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LOUISVILLE, Ky. (WDRB) -- America's expanding waistline is a sickness -- literally.
The American Medical Association says it now recognizes obesity as a disease, bringing up all sorts of questions about treatment and insurance coverage.
WDRB talked to health experts and asked how this could change the way the medical community fights the battle of the bulge.
Physicians say recognizing obesity as a disease is a move in the right direction.
"It puts pressure on doctors, researchers and healthcare workers to find a treatment for the disease of obesity," said Louisville surgeon Jeff Allen.
Allen says there is not a universally agreed upon definition of what even constitutes a disease.
Still, he says, putting obesity in that category raises awareness and could spur more insurers to pay for treatments.
"It certainly should put pressure on insurance companies, medicare, Medicaid and so forth to cover treatments for obesity be it surgical or medical," said Allen.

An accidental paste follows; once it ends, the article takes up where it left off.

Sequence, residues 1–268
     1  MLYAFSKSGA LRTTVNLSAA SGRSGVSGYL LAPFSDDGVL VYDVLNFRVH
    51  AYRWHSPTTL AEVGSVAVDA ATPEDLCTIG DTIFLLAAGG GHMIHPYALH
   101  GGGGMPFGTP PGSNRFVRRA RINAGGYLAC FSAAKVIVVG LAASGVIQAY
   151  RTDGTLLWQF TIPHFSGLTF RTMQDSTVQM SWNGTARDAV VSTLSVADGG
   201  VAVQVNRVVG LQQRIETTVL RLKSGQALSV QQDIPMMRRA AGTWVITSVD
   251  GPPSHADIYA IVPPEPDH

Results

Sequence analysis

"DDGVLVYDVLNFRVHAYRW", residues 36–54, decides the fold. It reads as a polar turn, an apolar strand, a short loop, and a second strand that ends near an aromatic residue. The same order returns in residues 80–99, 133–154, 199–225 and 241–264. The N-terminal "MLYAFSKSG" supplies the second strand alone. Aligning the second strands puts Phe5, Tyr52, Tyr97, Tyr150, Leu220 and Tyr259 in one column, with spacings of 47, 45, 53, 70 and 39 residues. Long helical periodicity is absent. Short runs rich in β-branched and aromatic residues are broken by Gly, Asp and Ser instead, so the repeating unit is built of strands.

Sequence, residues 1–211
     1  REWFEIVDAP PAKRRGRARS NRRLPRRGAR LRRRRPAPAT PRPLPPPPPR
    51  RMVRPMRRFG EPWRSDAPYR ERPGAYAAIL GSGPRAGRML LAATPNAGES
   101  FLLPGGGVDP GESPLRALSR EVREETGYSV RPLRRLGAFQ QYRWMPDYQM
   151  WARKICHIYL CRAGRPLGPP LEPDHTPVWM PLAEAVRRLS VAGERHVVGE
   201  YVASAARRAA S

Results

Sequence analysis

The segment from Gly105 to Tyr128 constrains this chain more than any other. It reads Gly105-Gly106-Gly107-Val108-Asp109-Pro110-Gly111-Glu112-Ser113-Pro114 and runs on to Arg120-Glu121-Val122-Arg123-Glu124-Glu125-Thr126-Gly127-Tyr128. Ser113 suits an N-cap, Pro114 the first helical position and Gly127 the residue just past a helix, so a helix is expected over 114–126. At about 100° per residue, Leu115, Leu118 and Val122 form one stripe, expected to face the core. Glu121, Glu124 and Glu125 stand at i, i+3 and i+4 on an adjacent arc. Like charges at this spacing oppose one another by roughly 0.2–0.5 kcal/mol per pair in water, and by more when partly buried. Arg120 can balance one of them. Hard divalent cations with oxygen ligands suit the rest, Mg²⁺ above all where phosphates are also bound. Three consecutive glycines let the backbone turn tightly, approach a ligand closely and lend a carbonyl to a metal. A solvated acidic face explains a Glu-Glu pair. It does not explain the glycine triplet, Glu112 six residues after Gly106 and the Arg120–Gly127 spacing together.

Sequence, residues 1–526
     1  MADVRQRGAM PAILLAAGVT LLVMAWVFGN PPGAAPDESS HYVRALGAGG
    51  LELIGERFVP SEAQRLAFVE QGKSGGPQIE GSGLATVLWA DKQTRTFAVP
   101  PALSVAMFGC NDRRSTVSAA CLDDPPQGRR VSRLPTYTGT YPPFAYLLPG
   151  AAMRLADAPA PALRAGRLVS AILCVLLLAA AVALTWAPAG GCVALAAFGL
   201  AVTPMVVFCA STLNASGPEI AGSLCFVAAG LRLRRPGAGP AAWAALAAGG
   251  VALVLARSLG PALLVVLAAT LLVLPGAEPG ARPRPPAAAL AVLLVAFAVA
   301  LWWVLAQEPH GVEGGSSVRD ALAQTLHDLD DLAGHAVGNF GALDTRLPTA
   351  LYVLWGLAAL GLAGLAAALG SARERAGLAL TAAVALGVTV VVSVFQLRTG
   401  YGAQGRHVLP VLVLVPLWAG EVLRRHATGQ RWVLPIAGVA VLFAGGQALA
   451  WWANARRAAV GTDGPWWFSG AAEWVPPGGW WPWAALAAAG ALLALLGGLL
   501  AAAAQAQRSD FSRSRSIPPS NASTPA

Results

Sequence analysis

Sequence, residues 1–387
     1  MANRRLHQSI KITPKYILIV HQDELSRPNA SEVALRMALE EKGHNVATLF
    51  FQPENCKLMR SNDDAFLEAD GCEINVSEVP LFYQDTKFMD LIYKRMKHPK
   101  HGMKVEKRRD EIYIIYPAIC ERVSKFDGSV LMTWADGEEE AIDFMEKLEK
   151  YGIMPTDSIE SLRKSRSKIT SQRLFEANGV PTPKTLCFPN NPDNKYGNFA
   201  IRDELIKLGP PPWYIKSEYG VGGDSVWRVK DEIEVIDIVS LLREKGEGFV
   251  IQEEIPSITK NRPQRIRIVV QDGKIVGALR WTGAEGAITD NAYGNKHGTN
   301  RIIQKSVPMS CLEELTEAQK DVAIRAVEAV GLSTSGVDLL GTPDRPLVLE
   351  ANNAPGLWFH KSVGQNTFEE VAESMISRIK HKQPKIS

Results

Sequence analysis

"I think it might push health insurance companies to reimburse doctor's time for counseling very heavily on lifestyle modification, weight loss, exercise which is the crux of the disease," said Zhlaet Baharestan, a physician with Highlands Internal Medicine.
By changing obesity's status from a major public health problem to a disease, some believe the AMA is hoping to open up the range of medical interventions that could help many Americans who are now considered obese.
"I think it will raise the controversy of obesity in that it's more of a medical approach," said Dr. Zhlaet Baharestan with Highlands Internal Medicine.
Baharestan says there's a lot of misinformation about what causes obesity.
She says many times, the patient gets blamed.
"It's not about blame. It's about getting healthy as a society because as a society we incur the costs," said Baharestan.
Wellness director of the downtown YMCA Annabelle Pike says the ruling is a positive change for them because it shows there are implications beyond just the physical aspect.
"This is a disease that requires multiple intervention levels. It encourages us to see there are other aspects from a wellness perspective,"said Pike.
Members of the AMA's board says this ruling could also help in the fight against Type 2 diabetes and heart disease which are linked to obesity.
WDRB reached out to Humana to find out the implications on the side of insurers.